Vladimir Radmanovic trudged to the bench after picking up two early fouls Sunday afternoon. Luke Walton peeled off his sweat suit and entered the game.
Many times during the regular season, that was a sign of impending trouble for the Lakers. Walton was injured and ineffective for most of the season. His ankle slowed him. So did his hamstring. So did his hip. He lost his job as a starter and his minutes dwindled.
Walton looked like a different player against the Denver Nuggets, however.
He filled a void created by Radmanovic's absence, scoring 16 points on 6-for-8 shooting in 27 minutes in Game 1 against Denver. He also had five assists and four rebounds, giving the Lakers' second unit a boost on a day when it was shorthanded.
Backup center Ronny Turiaf played only three minutes and scored only two points because of an unspecified illness.
"Ronny was not healthy, he was diseased," Lakers coach Phil Jackson said.
Walton stepped up when called upon, scoring on layups and spin moves close to the basket plus jump shots from the perimeter.
"I feel great," he said, then jabbed a reporter for mentioning his shortcomings during the regular season. "I forgot about the downs until you just brought them up. That's all in the past. It's all about moving forward.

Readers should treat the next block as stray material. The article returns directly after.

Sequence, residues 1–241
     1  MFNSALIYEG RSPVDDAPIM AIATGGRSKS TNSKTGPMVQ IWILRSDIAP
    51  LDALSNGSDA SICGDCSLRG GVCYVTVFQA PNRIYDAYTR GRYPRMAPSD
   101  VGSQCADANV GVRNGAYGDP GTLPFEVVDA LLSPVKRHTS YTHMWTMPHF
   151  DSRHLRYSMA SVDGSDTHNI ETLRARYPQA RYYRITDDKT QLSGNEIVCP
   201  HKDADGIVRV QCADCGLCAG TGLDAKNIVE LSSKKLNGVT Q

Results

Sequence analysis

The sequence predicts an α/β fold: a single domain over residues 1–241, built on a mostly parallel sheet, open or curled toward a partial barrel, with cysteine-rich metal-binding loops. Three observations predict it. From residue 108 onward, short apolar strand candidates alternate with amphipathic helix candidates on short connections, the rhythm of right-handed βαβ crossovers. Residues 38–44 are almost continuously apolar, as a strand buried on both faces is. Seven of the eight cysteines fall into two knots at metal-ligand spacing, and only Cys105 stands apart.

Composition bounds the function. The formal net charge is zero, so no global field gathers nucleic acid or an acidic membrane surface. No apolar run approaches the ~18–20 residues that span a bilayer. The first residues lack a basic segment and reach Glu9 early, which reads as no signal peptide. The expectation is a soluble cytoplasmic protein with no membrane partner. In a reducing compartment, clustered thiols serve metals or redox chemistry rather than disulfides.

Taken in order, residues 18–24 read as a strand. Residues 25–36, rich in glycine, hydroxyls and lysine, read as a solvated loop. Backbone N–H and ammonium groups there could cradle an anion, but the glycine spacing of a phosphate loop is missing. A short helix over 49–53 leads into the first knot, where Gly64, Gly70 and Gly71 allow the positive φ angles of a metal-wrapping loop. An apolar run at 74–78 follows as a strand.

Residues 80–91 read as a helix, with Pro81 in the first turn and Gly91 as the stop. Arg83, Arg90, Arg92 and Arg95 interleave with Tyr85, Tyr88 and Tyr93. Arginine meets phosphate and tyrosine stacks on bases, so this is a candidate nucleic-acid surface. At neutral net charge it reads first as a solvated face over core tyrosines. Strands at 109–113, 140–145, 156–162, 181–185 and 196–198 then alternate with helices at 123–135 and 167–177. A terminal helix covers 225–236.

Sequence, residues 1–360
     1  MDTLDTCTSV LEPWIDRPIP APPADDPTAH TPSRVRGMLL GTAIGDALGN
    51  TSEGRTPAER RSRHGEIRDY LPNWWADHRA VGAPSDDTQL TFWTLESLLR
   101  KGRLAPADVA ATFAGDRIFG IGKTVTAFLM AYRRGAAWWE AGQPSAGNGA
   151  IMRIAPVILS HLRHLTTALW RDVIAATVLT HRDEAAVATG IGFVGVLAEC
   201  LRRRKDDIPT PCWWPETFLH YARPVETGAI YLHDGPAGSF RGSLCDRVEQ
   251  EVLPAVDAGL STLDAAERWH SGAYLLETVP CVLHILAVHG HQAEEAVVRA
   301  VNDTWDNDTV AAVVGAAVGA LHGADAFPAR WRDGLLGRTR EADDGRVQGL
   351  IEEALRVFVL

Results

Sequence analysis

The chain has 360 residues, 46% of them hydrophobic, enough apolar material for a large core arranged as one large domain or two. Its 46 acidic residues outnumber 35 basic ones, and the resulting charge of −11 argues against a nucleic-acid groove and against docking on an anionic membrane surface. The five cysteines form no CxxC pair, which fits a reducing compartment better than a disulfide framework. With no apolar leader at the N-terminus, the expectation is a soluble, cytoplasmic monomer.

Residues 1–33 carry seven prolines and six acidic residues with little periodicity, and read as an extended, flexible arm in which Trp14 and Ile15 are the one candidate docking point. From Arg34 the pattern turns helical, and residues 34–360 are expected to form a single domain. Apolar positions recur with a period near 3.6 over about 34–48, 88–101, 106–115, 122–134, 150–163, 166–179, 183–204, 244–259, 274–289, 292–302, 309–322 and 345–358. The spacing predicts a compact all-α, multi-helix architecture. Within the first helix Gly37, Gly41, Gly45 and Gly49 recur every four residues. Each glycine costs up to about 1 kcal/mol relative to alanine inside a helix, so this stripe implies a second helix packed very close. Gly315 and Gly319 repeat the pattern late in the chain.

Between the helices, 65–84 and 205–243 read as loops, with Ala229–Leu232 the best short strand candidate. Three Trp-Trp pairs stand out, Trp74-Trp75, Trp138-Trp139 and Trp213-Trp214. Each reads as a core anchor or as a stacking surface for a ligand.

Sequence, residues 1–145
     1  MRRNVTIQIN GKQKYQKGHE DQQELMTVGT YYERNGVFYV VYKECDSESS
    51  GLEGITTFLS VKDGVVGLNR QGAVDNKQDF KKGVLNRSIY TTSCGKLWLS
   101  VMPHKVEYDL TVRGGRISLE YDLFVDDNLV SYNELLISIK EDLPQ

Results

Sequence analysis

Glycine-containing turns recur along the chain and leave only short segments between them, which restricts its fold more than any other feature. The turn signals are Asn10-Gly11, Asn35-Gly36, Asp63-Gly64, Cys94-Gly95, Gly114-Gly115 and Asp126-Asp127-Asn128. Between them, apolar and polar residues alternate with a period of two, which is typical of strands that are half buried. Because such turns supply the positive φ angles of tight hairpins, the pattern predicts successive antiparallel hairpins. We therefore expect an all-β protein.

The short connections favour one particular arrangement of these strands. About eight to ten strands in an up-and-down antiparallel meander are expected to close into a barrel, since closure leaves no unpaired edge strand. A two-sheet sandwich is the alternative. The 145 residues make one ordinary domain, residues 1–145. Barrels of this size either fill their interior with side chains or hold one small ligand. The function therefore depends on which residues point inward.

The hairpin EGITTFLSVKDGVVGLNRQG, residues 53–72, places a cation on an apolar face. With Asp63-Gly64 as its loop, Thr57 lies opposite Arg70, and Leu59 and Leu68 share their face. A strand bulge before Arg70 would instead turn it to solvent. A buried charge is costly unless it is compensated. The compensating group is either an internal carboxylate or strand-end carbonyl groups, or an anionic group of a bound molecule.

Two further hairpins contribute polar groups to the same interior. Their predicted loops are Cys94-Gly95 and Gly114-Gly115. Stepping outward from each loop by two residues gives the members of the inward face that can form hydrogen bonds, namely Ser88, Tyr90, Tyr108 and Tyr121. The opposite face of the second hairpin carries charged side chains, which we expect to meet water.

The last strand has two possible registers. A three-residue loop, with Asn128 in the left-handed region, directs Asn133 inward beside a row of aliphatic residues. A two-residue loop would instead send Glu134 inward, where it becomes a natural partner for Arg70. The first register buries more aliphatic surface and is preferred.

"Whether you've had a great past or a terrible past, it's all about what's coming up. That's what I'm focused on."
Walton had a difficult time coming up with a reason for his fine play.
"I don't know," he said before listing a few possibilities. "The intensity. The excitement of the playoffs. Playing with guys who can hit you when you're open. Having an opportunity to make plays."
Radmanovic finished with eight points and six assists in 20 minutes.
The Lakers seemed resigned to starting the playoffs without center Andrew Bynum. They haven't played with him since he injured his left kneecap Jan. 13, and he's not expected to play in their first-round series against the Nuggets.
"I don't think they've been looking over their shoulders for him at all," Jackson said. "I think they have been encouraging him and been positive with him, (saying), `Get back. We're going to need you. Get back. We want to see you.' That kind of thing.
"We've been really supportive of this process. He was at step five and he went back to step 2 1/2 or so (after a New York-based knee specialist declined to clear him for practice). He needs to get to step seven or eight before he can play, so there's still a process to go through to get to the spot he was at before he went to see his doctor."
Jackson said he wasn't overly concerned about a noon tipoff for Game 1. He didn't believe the Lakers would start in sluggish fashion.
"No, Shaq is in Phoenix now," he joked, referring to former Lakers center Shaquille O'Neal who is with the Suns. "There are some guys who just can't get to bed at night. He was one of those kinds of guys. I did notice that during his years here."